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Minimum Wage

Following were FMM’s recommendation to the Ministry of Human Resources in the implementation of minimum wage:

  • Minimum wage quantum cannot be uniform across the country but instead should be differentiated by geographical location, between rural and urban areas and economic sub–sectors.

    As the cost of living differs from state to state, the minimum wage quantum should be differentiated by geographical location as well as between rural and urban areas.

    Wages should be for the job, not the person. The type of job and hence, wage structure also differ between economic sectors (manufacturing, agriculture, construction, services, etc); and even at sub–sector level (for eg, wage structure in the electrical & electronics industry is different from other industries.)

    A comprehensive nationwide study should be carried out first to map out these differences i.e. differences in the cost of living between states and rural–urban areas; and differences in wage and/or job structures between economic sub–sectors.

  • Any increase that would impact on the cost of doing business should be gradual and pre-announced. Employers should be given a two year grace period to adjust.
  • Minimum wage should commensurate with productivity gains, skills acquisition, training and multi-skilling and multi-tasking. There must be greater efforts to ensure that productivity levels are in tandem with higher wages. Apart from upgrading technology, productivity–linked wage systems (PLWS) should be implemented to help identify KPIs on performance delivery.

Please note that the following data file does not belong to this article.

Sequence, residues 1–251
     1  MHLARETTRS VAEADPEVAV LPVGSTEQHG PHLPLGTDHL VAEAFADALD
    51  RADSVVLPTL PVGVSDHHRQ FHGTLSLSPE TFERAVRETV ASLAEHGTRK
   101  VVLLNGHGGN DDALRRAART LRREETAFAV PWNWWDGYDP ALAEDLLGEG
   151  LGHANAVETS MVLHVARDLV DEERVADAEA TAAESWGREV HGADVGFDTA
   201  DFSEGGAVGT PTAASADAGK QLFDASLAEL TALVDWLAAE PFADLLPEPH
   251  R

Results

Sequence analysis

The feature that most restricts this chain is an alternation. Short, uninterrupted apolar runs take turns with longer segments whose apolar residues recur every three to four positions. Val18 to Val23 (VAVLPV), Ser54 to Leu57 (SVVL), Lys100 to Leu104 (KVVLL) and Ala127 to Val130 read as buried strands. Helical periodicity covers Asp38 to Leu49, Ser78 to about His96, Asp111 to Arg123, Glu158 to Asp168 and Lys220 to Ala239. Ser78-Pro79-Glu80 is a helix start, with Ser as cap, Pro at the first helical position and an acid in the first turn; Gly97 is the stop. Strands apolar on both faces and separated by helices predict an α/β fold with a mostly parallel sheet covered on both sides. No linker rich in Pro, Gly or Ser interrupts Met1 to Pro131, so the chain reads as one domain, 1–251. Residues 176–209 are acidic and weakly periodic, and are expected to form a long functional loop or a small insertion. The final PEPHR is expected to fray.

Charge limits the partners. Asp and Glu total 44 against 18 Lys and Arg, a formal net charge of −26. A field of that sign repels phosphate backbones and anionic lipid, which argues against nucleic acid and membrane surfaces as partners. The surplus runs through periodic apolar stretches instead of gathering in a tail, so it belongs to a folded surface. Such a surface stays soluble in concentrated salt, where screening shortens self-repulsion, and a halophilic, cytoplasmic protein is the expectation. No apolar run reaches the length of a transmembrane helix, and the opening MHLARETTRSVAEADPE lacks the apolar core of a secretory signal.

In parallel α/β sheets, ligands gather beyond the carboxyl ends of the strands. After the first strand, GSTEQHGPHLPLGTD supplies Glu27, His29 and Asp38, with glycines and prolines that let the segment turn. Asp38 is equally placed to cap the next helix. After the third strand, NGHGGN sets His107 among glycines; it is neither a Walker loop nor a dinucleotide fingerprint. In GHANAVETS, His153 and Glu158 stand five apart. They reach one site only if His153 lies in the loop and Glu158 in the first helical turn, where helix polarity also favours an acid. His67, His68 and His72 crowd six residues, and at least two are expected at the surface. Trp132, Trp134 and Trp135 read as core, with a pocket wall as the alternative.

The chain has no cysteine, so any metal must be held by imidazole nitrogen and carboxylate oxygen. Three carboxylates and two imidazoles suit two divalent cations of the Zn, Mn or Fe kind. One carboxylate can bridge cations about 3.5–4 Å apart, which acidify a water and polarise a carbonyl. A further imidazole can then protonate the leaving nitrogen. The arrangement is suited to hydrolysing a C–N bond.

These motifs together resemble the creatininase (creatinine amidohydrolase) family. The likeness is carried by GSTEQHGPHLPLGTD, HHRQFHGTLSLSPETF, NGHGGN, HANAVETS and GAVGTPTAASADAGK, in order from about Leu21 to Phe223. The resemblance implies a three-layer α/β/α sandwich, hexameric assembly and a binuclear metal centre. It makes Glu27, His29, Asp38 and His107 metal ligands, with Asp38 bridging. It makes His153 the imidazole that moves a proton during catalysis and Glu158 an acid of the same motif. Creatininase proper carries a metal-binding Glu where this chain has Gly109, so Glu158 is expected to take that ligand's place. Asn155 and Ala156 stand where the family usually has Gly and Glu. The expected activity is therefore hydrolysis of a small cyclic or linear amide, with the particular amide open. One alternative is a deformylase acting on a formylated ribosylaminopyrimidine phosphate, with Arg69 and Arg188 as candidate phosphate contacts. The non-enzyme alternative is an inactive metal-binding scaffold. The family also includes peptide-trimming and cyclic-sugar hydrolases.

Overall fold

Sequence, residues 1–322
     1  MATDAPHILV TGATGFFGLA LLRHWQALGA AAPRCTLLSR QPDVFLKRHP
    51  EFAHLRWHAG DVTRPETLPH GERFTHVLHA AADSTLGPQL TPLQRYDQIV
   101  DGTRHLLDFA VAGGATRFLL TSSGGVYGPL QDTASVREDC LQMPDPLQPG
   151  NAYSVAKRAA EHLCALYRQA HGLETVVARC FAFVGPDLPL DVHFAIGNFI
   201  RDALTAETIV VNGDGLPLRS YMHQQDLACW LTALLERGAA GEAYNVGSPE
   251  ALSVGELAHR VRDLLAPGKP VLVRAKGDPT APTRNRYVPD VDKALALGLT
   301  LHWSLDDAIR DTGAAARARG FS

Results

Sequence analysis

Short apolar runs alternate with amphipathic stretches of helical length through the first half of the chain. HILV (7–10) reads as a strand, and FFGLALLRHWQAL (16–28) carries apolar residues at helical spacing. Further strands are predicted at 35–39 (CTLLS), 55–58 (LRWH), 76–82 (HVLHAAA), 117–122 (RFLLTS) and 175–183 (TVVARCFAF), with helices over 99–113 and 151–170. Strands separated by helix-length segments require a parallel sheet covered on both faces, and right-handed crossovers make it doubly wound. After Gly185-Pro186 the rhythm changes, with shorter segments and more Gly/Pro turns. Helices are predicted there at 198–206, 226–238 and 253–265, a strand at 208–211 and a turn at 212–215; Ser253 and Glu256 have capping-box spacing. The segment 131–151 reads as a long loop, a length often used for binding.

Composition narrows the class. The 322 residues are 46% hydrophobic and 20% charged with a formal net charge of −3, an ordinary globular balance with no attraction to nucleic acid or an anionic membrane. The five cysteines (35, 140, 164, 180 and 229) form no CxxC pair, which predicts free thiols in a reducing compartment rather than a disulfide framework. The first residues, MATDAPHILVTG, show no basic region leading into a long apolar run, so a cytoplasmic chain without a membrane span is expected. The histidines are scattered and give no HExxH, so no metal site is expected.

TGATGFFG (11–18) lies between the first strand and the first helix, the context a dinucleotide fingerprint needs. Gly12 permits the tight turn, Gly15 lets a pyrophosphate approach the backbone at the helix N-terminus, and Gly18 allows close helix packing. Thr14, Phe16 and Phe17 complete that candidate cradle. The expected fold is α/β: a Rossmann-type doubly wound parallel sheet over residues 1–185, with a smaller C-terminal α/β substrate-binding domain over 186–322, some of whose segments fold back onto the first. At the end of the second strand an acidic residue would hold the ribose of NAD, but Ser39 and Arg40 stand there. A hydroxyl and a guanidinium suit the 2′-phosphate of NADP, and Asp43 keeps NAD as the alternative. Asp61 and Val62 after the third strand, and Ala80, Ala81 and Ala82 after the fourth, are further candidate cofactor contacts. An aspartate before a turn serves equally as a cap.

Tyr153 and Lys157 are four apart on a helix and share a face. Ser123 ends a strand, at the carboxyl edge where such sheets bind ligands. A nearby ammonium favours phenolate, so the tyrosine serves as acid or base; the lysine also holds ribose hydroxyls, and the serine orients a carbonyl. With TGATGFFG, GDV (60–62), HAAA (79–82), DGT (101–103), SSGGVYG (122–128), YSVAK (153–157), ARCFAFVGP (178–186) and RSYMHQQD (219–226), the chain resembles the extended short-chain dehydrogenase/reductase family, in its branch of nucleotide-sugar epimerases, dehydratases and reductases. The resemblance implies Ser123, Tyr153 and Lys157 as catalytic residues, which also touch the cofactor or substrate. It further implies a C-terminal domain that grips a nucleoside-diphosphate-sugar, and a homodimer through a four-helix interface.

Unions are against the PLWS, which includes revamping the collective agreement system to become incentive–based. Some employers are reluctant to share information with employees. In moving forward, FMM maintains that it would be useful to draw up clear guidelines on PLWS acceptable to both sides.

    There should be greater and concerted publicity on the exemption of incentive–based schemes from the computation of Ordinary Rate of Pay under Section 60I Employment Act 1955.

  • The components of minimum wage must be clearly defined and be equitable. The industry’s interpretation of an equitable minimum wage is basic wage and fixed allowances. It is inaccurate and incomplete to look at basic pay only. 
  • There should be a review mechanism to prevent indiscriminate increase in minimum wage. The review process should involve all relevant stakeholders i.e. employers, union and the Government and should take into account inflation and productivity growth when setting a new minimum wage.
  • Based on the FMM Economic Outlook for the Manufacturing Sector Survey conducted in April/May 2010, the mean basic salary (not including fixed allowances) for general workers was RM750 a month. The median is RM700.

    FMM proposes that the minimum wage level should use RM700 as the MEDIAN benchmark (scale), which is ADJUSTED according to DIFFERENCES in cost of living based on geographical location and rural–urban areas; and DIFFERENCES in economic sectors.

FMM submitted the above proposals to the Ministry of Human Resources on July 15, 2010

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